As the TLLLF team honoured World Mental Health day, 2017 by visiting families, engaging with support groups and reviewing the successes and the challenges in rural mental healthcare, they noticed how the conversation, that was once difficult to start, now had characteristics of support, openness and a positive outlook towards the future. To continue this momentum, the organisation charted out the next steps that will further enrich the dialogue surrounding mental health, in both urban and rural areas. The steps include increasing research on mental health, enhancing the role of social media to drive awareness and decrease stigma and expanding their current programs. To know more, see here.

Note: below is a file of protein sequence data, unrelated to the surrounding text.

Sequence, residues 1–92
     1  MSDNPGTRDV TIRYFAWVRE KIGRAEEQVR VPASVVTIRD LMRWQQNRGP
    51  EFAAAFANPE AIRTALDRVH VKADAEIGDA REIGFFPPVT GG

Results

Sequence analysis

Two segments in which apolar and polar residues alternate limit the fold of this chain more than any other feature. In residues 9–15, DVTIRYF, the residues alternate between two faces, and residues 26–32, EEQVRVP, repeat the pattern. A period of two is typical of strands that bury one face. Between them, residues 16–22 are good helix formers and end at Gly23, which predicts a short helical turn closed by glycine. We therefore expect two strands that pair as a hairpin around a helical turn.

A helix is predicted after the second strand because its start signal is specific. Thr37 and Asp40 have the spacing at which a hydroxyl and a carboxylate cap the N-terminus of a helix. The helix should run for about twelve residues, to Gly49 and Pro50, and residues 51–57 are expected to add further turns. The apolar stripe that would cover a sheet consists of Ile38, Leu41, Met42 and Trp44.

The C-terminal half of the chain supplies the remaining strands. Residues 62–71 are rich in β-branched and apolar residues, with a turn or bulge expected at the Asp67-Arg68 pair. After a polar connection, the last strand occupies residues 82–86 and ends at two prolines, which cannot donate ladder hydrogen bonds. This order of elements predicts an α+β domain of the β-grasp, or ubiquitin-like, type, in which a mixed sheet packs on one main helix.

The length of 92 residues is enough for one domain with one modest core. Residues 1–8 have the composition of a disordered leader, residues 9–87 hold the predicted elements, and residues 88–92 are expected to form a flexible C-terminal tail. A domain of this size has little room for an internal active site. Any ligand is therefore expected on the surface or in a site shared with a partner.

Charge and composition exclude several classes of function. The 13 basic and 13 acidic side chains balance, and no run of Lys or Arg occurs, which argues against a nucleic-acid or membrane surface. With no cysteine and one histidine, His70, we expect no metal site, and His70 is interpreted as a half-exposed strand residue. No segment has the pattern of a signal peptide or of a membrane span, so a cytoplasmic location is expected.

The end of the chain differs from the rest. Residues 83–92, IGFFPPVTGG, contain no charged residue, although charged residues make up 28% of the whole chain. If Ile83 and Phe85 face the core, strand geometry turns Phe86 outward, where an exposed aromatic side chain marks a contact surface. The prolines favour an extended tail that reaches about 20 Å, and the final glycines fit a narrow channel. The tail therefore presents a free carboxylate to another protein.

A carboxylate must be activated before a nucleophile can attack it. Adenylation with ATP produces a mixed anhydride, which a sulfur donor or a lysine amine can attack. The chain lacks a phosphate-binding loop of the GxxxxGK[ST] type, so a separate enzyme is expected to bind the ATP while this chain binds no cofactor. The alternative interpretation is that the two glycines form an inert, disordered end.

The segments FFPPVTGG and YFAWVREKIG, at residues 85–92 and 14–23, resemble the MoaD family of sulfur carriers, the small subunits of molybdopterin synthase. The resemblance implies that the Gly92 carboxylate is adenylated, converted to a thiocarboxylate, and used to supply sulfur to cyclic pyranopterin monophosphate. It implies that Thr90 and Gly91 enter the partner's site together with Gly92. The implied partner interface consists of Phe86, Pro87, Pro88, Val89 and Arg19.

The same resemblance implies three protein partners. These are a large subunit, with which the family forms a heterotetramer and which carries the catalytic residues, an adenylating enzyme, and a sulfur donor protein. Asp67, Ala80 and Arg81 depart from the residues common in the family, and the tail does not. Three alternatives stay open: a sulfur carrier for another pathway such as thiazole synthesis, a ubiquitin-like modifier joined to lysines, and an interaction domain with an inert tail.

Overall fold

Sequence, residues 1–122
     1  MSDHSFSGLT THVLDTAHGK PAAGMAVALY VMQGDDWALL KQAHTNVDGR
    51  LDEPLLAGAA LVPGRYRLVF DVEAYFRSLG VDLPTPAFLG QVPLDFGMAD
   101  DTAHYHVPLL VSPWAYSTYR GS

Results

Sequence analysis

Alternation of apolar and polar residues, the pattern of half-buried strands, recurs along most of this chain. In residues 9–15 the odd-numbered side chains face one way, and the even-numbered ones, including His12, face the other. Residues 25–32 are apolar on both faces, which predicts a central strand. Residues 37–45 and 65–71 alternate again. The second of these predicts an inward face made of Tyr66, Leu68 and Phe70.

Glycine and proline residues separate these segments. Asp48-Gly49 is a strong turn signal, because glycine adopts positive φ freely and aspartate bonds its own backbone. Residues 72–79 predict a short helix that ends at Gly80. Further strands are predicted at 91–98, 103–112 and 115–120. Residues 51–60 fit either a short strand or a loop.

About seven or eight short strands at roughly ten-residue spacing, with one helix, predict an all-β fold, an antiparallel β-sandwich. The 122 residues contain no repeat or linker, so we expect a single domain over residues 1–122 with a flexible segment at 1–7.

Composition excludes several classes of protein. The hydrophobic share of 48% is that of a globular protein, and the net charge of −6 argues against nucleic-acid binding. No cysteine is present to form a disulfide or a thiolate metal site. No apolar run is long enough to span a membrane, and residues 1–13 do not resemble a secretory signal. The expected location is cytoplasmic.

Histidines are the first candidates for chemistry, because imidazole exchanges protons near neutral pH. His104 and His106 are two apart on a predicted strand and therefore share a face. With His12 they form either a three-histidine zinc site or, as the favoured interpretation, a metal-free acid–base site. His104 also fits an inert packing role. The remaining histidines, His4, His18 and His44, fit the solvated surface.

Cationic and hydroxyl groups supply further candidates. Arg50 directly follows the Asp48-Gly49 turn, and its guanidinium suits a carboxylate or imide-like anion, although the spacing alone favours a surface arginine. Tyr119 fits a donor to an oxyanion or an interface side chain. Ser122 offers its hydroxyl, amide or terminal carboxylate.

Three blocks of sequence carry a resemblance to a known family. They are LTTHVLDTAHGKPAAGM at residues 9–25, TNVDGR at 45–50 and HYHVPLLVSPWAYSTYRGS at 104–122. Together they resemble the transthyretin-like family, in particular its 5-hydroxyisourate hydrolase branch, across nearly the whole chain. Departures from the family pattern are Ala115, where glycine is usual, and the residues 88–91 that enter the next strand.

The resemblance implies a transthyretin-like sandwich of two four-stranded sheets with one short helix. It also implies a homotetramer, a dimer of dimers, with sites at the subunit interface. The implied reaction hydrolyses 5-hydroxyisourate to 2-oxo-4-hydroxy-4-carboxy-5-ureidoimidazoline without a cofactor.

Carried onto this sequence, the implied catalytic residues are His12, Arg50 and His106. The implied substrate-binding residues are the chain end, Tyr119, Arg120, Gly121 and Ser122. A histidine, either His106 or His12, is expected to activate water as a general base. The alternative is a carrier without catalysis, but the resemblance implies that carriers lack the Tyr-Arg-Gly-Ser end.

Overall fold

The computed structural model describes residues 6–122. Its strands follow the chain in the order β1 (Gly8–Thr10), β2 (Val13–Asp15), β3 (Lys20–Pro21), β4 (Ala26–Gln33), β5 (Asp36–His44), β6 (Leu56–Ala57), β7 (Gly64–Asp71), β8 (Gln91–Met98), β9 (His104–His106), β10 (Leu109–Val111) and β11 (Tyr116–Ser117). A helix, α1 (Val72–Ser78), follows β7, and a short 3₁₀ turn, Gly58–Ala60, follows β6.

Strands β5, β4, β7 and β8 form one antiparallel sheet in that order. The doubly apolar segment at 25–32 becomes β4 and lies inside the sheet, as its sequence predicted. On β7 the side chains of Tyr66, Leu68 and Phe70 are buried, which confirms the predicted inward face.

This article was produced by the Scroll marketing team on behalf of The Live Love Laugh Foundation and not by the Scroll editorial team.